But let's get real lunch. I go to the dome.
They have parmesan scallops.
I think the scallops are served on their shells…
…but this is what they look like. It's a sort of cheese soup (like a kilo of melted cheese)…
…and the scallops are floating in it. Not bad, but I feel like I have eaten a whole cow afterwards.
When I finish my lunch, more people have gathered on the beach. I stay for a while, but I am intrigued by wat I saw in Caldera. It looked like a nice little town. I want to have a look a it.
BUT… before I leave, I visit these handicraft shops and get some presents for my family. And there is something for one of you, too. Interested? You will find more info at the end of the report!
The driver of the colectivo kindly leaves me here, at the dock of Caldera.
It's a fishing town. A very active one, it seems.
There are some restaurants near the dock, like that pink building on the right.
This is the seafront.
A very nice open space.
The houses look well kept and nicely painted in vivid colors.
I love this facade.
I keep walking along the seafront.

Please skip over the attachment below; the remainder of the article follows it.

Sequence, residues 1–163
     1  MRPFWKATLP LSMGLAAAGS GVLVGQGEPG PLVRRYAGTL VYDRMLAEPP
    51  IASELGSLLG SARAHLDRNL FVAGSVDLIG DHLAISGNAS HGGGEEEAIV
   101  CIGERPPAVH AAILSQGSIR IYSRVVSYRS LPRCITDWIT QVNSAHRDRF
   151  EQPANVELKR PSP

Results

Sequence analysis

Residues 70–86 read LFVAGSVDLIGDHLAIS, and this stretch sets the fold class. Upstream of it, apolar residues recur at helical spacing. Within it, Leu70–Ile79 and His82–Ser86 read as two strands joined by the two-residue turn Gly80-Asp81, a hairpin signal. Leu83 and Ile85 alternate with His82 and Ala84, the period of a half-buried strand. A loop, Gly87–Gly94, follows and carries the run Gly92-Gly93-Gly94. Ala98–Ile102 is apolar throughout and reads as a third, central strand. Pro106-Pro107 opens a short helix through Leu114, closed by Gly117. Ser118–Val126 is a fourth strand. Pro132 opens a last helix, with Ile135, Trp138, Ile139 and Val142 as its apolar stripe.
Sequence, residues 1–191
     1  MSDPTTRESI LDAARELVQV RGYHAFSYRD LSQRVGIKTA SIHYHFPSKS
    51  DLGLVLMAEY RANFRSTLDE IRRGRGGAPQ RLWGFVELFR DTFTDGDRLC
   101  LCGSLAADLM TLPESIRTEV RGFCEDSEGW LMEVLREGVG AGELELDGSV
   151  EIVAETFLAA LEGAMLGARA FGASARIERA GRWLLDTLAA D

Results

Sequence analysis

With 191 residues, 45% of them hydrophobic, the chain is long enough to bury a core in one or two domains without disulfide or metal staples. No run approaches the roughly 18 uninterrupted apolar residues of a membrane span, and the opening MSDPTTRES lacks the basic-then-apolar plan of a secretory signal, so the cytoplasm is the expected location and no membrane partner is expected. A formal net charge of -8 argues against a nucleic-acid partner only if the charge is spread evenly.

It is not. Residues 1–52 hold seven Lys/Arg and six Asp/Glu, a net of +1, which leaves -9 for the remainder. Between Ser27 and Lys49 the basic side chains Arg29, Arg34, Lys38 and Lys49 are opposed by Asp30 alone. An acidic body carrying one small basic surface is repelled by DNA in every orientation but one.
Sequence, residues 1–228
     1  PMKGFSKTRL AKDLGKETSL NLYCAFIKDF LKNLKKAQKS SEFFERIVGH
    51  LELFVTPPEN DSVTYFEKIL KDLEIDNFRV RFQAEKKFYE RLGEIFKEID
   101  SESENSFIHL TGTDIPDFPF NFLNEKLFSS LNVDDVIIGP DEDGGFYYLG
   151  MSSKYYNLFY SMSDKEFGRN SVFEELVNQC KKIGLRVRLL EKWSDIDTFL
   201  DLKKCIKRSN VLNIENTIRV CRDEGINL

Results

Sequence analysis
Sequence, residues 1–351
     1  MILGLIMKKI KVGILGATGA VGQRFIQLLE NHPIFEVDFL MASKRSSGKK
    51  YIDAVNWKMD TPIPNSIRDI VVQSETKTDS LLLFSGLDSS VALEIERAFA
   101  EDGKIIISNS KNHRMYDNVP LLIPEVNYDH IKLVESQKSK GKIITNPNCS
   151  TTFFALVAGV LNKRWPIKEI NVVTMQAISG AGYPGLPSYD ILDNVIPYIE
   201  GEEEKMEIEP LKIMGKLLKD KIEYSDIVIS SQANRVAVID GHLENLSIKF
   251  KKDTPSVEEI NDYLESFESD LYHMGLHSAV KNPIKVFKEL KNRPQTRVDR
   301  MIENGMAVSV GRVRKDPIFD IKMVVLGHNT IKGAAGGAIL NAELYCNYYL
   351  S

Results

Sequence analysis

Pizza from Il Fuoco anyone?
Kids racing rented cars. The youngest one stopped and cried because he couldn’t keep up with the other two.
It seems like nothing can break the peace and quiet of this place… until I hear a loud bang, and then a terrible metallic noise. A driver has crashed against that metal thing (don’t ask me about the technical name. I don’t know it even in my own language!) and drags it for several meters! Some tramps (there are several around) run to offer help.
I’m looking at the scene when bang! A taxi driver has followed suit! What are these people thinking?! (or drinking?!) He laughs and says "I was coming to help!"
I can’t help but laugh as I leave.
I walk up to the town center.
Nothing disturbs that dog’s sleep…
And this one is not interested in barking.
The little main square is pretty…
…and has some abstract sculptures.
Everything is so neat and tidy. This might be normal in your country, but not in Chile. Chilean cities are usually defaced by grafitti and vandalism.
Caldera is certainly an outstanding little town. They even collect their plastic bottles!
How about a home made ice-cream before leaving?
What will it be this time? Yum! Maní (peanuts)
While truly yours waits for his ice-cream cone, the time has come to say goodbye. Don't miss the next report of this series. We'll look at every corner of Atacama Desert Airport, and we'll learn a little more about the rescue of those 33 miners in a visit to the Atacama Regional Museum.
Santiago - SCL
Copiapo - CPO
Airline Sky keeps doing a good job. As for their prices, this trip was the last one I purchased at their "first stage" low cost price. No more free checked baggage or preferred seat with them.
SCL Better every day.
CPO Beautiful architecture. Will see more in the next report.